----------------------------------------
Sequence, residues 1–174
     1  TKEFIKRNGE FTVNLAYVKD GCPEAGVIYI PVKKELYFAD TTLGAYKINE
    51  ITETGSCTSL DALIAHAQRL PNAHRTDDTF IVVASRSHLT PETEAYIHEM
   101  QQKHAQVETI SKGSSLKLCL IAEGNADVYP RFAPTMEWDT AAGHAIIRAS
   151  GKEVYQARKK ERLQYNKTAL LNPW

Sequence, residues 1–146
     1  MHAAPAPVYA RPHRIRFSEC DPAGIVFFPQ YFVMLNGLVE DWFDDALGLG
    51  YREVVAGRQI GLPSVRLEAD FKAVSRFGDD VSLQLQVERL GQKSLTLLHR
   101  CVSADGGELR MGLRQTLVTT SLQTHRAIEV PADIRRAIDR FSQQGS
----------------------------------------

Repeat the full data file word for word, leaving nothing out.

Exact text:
Sequence, residues 1–174
     1  TKEFIKRNGE FTVNLAYVKD GCPEAGVIYI PVKKELYFAD TTLGAYKINE
    51  ITETGSCTSL DALIAHAQRL PNAHRTDDTF IVVASRSHLT PETEAYIHEM
   101  QQKHAQVETI SKGSSLKLCL IAEGNADVYP RFAPTMEWDT AAGHAIIRAS
   151  GKEVYQARKK ERLQYNKTAL LNPW

Sequence, residues 1–146
     1  MHAAPAPVYA RPHRIRFSEC DPAGIVFFPQ YFVMLNGLVE DWFDDALGLG
    51  YREVVAGRQI GLPSVRLEAD FKAVSRFGDD VSLQLQVERL GQKSLTLLHR
   101  CVSADGGELR MGLRQTLVTT SLQTHRAIEV PADIRRAIDR FSQQGS